Obama’s budget bid for a ‘grand bargain’
Though the president‚Äôs budget falls short in several important ways, it demonstrates his willingness to compromise ‚ÄĒ something most Democratic and Republican legislators have resisted. Now comes the critical stage in any real effort to achieve a ‚Äúgrand bargain,‚ÄĚ when the president can show true leadership by bridging the divide between the parties and using the bully pulpit to address the American people in a constructive fashion that can lead to a deal.
The most helpful thing about the Obama budget is that, for the first time, the president has publicly proposed reforms to two key social insurance programs. By adopting a GOP-backed change in the inflation calculator ‚ÄĒ the so-called chained CPI ‚ÄĒ the president is accepting adjustments in the cost of living payments for those receiving Social Security.
He is also renewing his verbal offer to Republicans from last December‚Äôs negotiations for more than $400 billion in healthcare savings ‚Äď including roughly $370 billion in Medicare spending over the next 10 years. His budget proposes to expand means testing for Medicare premium subsidies.
These proposals don‚Äôt go far enough. But they put social insurance programs on the table for discussion. That is a positive step.
Obama has also continued to push for greater tax revenues, and is willing to engage in tax reform to make the system simpler and fairer. But his specific budget proposals ‚Äď limiting the amount of tax deductions for high-income individuals, and instituting the ‚ÄúBuffett Rule,‚ÄĚ which essentially imposes a new alternative minimum tax on millionaires ‚Äď are not enough. His budget does, however, recognize that increased revenue through tax reform coupled with much larger spending reductions is the way to achieving a meaningful long-term deal.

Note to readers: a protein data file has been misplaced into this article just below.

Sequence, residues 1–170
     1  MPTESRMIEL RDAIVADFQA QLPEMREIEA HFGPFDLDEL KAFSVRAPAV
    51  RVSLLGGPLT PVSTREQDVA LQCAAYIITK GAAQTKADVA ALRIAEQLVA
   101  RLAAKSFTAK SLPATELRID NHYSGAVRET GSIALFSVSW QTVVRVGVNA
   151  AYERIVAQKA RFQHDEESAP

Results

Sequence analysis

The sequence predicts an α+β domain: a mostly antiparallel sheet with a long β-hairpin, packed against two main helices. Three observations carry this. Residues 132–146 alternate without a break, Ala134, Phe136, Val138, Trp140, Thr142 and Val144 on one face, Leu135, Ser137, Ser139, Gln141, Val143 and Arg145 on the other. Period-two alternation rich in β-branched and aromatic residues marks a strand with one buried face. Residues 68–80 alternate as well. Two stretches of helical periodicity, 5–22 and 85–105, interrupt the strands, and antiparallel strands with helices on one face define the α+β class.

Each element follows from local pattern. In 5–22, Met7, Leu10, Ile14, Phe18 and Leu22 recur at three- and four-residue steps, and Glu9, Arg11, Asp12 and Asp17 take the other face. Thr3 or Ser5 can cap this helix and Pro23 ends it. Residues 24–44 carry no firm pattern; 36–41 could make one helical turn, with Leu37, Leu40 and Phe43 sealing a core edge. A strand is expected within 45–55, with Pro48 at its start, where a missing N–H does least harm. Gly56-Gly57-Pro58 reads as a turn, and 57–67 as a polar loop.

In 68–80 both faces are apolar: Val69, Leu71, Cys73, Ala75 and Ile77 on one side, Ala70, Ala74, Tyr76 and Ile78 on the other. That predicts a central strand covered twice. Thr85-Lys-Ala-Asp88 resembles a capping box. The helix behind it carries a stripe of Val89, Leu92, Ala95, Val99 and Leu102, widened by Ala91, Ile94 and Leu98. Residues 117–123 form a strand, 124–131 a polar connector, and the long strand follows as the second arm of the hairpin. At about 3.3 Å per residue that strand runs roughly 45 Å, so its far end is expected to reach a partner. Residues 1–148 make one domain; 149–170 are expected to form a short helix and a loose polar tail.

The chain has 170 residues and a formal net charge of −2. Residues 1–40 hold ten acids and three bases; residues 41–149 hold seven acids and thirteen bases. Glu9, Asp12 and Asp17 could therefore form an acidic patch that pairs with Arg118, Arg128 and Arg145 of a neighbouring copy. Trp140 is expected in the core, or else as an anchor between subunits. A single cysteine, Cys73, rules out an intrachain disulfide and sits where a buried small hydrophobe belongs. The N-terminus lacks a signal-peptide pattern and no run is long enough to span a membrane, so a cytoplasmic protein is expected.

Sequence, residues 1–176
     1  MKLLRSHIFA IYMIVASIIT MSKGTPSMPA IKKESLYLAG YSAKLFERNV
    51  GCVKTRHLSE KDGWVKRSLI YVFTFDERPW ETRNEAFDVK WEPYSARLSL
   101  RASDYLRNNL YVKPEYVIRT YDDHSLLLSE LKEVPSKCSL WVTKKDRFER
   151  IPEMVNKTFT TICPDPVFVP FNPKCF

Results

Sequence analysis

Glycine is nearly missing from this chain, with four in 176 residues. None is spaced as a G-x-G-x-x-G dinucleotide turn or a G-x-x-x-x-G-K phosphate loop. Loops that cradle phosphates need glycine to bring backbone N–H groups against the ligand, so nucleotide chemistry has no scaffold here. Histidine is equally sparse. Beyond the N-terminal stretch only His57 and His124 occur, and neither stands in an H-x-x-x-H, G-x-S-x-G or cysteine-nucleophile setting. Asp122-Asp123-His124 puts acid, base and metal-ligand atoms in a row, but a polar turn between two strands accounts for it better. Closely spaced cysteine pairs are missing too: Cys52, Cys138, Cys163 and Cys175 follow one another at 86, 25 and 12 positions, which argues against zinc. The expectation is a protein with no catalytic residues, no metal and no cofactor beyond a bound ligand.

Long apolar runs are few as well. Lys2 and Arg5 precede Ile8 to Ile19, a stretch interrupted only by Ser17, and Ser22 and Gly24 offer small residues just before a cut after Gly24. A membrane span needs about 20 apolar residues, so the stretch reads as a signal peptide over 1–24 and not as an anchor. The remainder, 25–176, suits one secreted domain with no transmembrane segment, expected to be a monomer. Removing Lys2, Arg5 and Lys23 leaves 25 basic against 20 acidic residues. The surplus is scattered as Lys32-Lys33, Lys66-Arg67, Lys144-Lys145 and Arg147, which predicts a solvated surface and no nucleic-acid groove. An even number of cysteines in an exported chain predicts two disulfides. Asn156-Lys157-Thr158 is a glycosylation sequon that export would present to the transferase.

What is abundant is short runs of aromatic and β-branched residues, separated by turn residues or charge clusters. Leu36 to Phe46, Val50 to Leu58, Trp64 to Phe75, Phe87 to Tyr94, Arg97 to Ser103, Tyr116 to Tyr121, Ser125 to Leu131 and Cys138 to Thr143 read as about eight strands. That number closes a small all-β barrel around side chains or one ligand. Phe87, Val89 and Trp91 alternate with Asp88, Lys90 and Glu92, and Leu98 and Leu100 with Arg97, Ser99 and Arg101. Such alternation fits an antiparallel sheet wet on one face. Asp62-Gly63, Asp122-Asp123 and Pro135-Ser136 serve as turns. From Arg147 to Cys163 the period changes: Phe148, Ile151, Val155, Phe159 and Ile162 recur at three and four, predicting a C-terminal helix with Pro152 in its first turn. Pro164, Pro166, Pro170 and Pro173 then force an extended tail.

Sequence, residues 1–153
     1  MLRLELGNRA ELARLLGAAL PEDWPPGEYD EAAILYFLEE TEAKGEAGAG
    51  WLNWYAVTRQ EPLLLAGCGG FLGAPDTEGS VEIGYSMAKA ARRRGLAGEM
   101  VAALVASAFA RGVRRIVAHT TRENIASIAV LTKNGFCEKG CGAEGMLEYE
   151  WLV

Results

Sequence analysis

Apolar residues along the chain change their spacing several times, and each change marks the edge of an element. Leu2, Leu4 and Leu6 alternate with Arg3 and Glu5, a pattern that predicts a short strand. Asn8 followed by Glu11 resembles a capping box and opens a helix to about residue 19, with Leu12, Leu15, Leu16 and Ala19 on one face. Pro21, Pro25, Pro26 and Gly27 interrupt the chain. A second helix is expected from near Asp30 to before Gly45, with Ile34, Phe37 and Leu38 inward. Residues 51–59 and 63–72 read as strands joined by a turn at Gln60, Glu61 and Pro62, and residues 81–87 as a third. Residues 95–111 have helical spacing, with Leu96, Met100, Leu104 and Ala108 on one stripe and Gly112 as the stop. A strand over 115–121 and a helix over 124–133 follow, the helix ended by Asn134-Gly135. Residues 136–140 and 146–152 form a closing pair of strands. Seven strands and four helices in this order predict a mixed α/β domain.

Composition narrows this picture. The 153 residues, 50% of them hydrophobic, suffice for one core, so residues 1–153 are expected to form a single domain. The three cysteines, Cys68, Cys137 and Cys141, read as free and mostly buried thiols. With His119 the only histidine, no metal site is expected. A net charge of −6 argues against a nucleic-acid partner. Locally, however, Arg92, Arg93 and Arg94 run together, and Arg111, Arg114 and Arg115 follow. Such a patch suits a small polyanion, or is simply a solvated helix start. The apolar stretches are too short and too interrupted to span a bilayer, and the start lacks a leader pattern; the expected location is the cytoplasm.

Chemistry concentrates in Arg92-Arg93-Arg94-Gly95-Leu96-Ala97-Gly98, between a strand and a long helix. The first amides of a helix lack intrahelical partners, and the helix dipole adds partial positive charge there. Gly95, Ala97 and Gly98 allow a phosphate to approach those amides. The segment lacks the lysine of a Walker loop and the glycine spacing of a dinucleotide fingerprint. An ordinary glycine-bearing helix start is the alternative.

Predictably, Democrats and special interest groups on the left are in a lather over Obama‚Äôs willingness to ‚Äúcut‚ÄĚ social insurance programs. Republicans and special interests on the right, meanwhile, are outraged that the president wants more tax revenue.¬†That is fine because¬†there won‚Äôt be progress without angering the ideologues and hyper-partisans.
With time running out to strike a deal in 2013 ‚ÄĒ and no deal likely in 2014, an election year ‚ÄĒ the president must now step forward as the nation‚Äôs chief executive and bring the public together for a comprehensive and principle-based compromise.
Here‚Äôs what’s needed:
First, Obama should set an over-arching goal of bringing our ratio of public debt-to-gross domestic product down to a reasonable and sustainable level (60 percent to 70 percent) within the next 10 to 15 years. His budget gets us to 73 percent by 2023 ‚ÄĒ a positive step. But unless there are more structural reforms to Medicare and Social Security it will not be enough, given demographic trends and the expected increase in healthcare costs.